Perspective view of a mountain in the eastern Hellas region of Mars surrounded by a deposit that scientists think are debris-covered glaciers. Image is 20 miles (31 km) across.
Credit: ESA/DLR/FU Berlin
Mars has vast glaciers hidden under aprons of rocky debris near mid-latitude mountains, a new study confirms, pointing to a new and large potential reservoir of life-supporting water on the planet.
These mounds of ice exist at much lower latitudes than any ice previously found on the red planet.
"Altogether, these glaciers
almost certainly represent the largest reservoir of water ice on Mars that's
not in the polar caps," said John Holt of the
The gently sloping mid-latitude debris flows have puzzled scientists since they were revealed by NASA's Viking orbiters in the 1970s ? they looked very different than the fans and cones of debris found near mountains and cliffs in Mars? equatorial regions.
Since their discovery, scientists have been debating how the features formed, with some proposing they were debris flows lubricated by ice that had since evaporated away. But more recent observations suggested that the features "might be more ice than rock," Holt said. In other words, they could be Martian glaciers.
Holt and his colleagues used radar observations of the features, taken by NASA's Mars Reconnaissance Orbiter (MRO), to peer into the features. The findings, detailed in the Nov. 21 issue of the journal Science, suggest that the glacier theory is correct.
Finding huge deposits of ice at the Martian mid-latitudes is a boon to both the study of past potential Martian habitability, as well as future human exploration. Glaciers are huge reservoirs of water once they melt, key to all life as we know it.
The team used MRO's Shallow Radar instrument to penetrate the rocky debris flows that lie in the Hellas Basin region of Mars' southern hemisphere. They examined the radar echoes to see what lay beneath the surface. All signs pointed to ice, and lots of it.
The radar echoes received back by MRO indicated that radio waves passed through the overlying debris material and reflected off a deeper surface below without losing much strength ? the expected signal for thick ice covered by a thin layer of debris.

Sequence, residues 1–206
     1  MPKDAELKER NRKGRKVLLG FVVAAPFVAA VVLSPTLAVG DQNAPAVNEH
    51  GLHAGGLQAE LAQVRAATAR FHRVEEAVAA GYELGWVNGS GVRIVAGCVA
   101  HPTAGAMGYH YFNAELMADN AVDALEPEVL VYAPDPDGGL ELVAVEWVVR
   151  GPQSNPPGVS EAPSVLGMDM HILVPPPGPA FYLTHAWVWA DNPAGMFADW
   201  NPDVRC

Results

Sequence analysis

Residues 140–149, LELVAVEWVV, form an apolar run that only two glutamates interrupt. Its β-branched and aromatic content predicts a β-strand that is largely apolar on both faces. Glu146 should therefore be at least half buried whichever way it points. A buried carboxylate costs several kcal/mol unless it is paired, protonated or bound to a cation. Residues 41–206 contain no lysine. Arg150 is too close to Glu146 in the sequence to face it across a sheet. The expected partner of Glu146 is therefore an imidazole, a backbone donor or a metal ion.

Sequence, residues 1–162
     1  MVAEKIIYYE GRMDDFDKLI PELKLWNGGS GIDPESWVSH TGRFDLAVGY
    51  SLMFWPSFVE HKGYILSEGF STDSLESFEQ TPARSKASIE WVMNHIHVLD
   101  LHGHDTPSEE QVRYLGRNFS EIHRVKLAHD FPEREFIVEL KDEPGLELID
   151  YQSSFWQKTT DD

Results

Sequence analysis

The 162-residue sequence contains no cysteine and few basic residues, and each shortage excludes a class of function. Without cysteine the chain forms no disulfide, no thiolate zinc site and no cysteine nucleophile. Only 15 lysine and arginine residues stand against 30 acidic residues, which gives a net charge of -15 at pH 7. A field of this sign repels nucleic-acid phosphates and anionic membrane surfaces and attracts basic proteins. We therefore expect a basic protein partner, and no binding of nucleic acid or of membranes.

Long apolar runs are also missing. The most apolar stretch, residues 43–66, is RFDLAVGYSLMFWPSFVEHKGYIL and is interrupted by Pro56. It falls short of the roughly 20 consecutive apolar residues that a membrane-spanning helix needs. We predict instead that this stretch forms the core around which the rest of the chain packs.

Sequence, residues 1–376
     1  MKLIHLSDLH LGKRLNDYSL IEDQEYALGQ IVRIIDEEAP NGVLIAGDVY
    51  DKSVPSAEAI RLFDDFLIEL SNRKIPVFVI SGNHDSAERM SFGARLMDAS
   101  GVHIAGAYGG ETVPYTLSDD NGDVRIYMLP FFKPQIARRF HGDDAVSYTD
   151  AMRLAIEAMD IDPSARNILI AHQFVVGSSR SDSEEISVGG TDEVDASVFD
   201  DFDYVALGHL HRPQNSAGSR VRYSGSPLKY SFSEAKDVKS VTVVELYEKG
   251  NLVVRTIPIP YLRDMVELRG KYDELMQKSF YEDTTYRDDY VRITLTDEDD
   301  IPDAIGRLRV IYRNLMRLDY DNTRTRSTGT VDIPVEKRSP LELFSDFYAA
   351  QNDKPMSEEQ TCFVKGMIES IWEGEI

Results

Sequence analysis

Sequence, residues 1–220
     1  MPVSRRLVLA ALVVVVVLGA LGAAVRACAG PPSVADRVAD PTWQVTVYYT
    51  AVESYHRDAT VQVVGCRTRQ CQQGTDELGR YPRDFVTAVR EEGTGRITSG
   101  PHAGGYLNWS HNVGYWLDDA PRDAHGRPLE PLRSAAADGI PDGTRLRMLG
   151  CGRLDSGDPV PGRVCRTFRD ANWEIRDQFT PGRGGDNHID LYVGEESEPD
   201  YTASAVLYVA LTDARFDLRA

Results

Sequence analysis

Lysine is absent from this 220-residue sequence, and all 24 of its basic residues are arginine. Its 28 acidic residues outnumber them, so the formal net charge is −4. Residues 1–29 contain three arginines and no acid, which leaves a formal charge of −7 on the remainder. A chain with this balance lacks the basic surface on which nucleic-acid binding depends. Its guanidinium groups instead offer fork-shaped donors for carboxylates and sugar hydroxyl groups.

The radar echoes also showed no signs of significant rock debris within the glaciers, suggesting that they are relatively pure water ice.
"These results are the smoking
gun pointing to the presence of large amounts of water ice at these
latitudes," said Ali Safaeinili, a Shallow Rader
team member at NASA's Jet Propulsion Laboratory in
The sheer amount of ice present in
the flows studied was surprising; extrapolating from the
The researchers estimate that the amount of ice in these mid-latitude glaciers is about 1 percent of the ice that's in Mars' polar caps ? roughly equivalent to the ratio of Earth's non-polar glaciers to its polar ice, Holt told SPACE.com. The glaciers could hold as much as 10 percent of the ice in the polar caps, similar to comparing Greenland's ice sheets to Antarctica, Holt added.
But just how the ice got there is still a mystery.
"You shouldn't have ice of this quantity at these latitudes," Holt said.
The theory is that the ice formed when Mars' orbital tilt was much different than it is now (the axis the planet spins on has considerable "wobble," meaning its angle changes over time) and the planet was much colder, allowing ice to form on the surface.
Ice on the surface of Mars today would immediately sublimate (or change directly into the gas phase). The rocky debris covering the ice is likely what keeps it in place today and has allowed it to survive below the surface for millions of years.
Scientists aren't exactly sure
during which past ice
age the glaciers may have formed, but by counting the number of impact
craters in the overlying debris, they estimate them to be about 100 million
years old, said study team member Jim Head of
These ancient glaciers could hold clues that would shed more light on Mars' past, particularly whether or not it ever harbored life.
"On Earth," Head said, "such buried glacial ice in Antarctica preserves the record of traces of ancient organisms and past climate history."
Ancient ice layers in glaciers on Earth preserve the signature of the current atmosphere at the time that they formed. Head thinks the same could be true of the Martian glaciers. In particular, small bubbles that form as the ice layers are deposited could have "samples of the atmosphere at that time," he said.
A lander capable of drilling down several meters could be able to sample the ice in the glaciers.
"These are quite accessible to landers," Holt said.
They could also be a source of water
for any future manned
Mars expeditions. (When the researchers travel to
"It's a lot of ice," Holt said. "You could support a base for a long time."
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